As a species we are time and space bound creatures. Our bodies move us through space and provide contact with the external world while our minds provide the means of understanding the external world and give us an inner sense of self-awareness.
Now, this much seems fairly obvious but it raises an interesting question concerning the issue of self-identity: what is the ‘I’ in ‘I am feeling happy now’ or ‘I had an episode of indigestion yesterday’ or ‘I’m looking forward to my vacation in two months’? To complicate things further, how can we say we are the same person today as we were yesterday or thirty years ago when many of the identifying features of our existence have undergone physical, emotional and mental changes?
Although the details differ, most people who study this sort of thing agree that memory is one key component to the experience of self-identity. The memories I have are obviously mine and therefore provide a sense of centered experience through time. In other words, I’m quite sure I’m me today because I distinctly remember being me a few seconds ago, minutes ago, hours ago, days ago etc and having had certain experiences during those seconds, hours, days and years. The fact is our past continuously grows larger behind us while our future grows smaller the closer we come to the end of life’s journey. Memories are drawn from this ever-increasing pool of events and are vital to the kinds of expectations and potential we have in this present moment.
These issues of self-identity and memory are especially important for Christians because we have undergone the most radical change possible for a human being; we have been born again. This created second pool of memories that are sacred and identify us as “in the world but not of the world” and uniquely and forever as sons and daughter of God. And, as we progress along this new, sacred time-line of past, present and future, the way we think is radically changed; we just don’t see things the way we used to, our values and judgments are changing, our friends are new. Even though we now have memories of two different worlds at the same time it is the sacred memories around which our sense of self-identity is grounded.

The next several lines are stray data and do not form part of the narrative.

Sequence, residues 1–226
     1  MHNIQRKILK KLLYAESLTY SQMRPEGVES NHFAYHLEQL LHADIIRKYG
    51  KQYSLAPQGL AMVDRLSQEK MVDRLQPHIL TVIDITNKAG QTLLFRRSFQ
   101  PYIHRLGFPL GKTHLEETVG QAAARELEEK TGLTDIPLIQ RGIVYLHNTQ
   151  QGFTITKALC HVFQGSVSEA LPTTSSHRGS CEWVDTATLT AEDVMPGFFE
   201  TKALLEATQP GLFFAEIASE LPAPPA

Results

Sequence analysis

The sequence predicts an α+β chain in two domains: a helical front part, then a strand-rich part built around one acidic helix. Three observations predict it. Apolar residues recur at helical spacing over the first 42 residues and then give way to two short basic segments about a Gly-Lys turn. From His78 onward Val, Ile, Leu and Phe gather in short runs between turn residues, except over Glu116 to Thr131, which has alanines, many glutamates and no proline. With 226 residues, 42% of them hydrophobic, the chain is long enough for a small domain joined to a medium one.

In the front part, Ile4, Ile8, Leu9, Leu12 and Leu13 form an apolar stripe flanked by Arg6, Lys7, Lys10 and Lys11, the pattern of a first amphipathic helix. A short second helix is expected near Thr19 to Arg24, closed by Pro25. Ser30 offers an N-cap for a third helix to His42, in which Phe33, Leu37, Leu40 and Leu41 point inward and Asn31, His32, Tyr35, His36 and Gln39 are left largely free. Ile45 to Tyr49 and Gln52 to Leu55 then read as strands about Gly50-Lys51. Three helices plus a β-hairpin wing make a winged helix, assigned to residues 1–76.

The importance of memory and remembering to our spiritual lives is paradigmatically illustrated by the history of Israel. The rehearsing of history was integral toIsrael’s ongoing relationship with, and worship of, Yahweh. That is, the relationship was defined by historical events, the revelations, the covenants and the actions of Yahweh on behalf of His people. The recitation of these events was a reminder to Israel of God’s dealings with them, His promises to them, His faithfulness to them and His power and protection on their behalf. It was also a reminder of His judgments of sin, idolatry, andIsrael’s unfaithfulness. All of this gave Israel a sense of meaning, purpose, and destiny; it defined their reason for being.
So, in like manner for all of us of the New Testament, sacred memories of the Gospel history, the history of the church from its inception, our personal salvation history, the history of our local church community all provide a framework for our sacred experience now, this day, and this moment. They define who and what we have become through God’s grace. Remembering has the effect of reorienting us when the path is no longer clear. This is especially true when things aren’t going particularly well for us. The bottom line for us is this: are we remembering the attractions of our Egypt or the miracles of our past and continuing Exodus? Who we are and where we are going is in the answer.